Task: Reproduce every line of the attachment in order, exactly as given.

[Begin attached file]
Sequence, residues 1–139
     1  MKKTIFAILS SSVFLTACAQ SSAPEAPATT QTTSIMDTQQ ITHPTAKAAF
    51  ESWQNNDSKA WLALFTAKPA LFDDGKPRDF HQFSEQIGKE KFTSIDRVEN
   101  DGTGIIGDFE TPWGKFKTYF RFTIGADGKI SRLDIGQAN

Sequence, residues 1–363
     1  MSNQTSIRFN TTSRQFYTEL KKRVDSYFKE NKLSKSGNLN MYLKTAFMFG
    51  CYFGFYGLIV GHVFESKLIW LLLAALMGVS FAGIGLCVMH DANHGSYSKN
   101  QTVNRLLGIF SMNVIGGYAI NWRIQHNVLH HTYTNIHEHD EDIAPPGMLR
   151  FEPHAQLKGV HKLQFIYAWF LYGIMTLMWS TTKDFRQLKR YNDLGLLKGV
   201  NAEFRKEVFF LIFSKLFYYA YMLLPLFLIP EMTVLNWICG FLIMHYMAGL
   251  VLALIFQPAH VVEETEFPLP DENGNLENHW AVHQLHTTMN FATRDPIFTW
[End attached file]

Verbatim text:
Sequence, residues 1–139
     1  MKKTIFAILS SSVFLTACAQ SSAPEAPATT QTTSIMDTQQ ITHPTAKAAF
    51  ESWQNNDSKA WLALFTAKPA LFDDGKPRDF HQFSEQIGKE KFTSIDRVEN
   101  DGTGIIGDFE TPWGKFKTYF RFTIGADGKI SRLDIGQAN

Sequence, residues 1–363
     1  MSNQTSIRFN TTSRQFYTEL KKRVDSYFKE NKLSKSGNLN MYLKTAFMFG
    51  CYFGFYGLIV GHVFESKLIW LLLAALMGVS FAGIGLCVMH DANHGSYSKN
   101  QTVNRLLGIF SMNVIGGYAI NWRIQHNVLH HTYTNIHEHD EDIAPPGMLR
   151  FEPHAQLKGV HKLQFIYAWF LYGIMTLMWS TTKDFRQLKR YNDLGLLKGV
   201  NAEFRKEVFF LIFSKLFYYA YMLLPLFLIP EMTVLNWICG FLIMHYMAGL
   251  VLALIFQPAH VVEETEFPLP DENGNLENHW AVHQLHTTMN FATRDPIFTW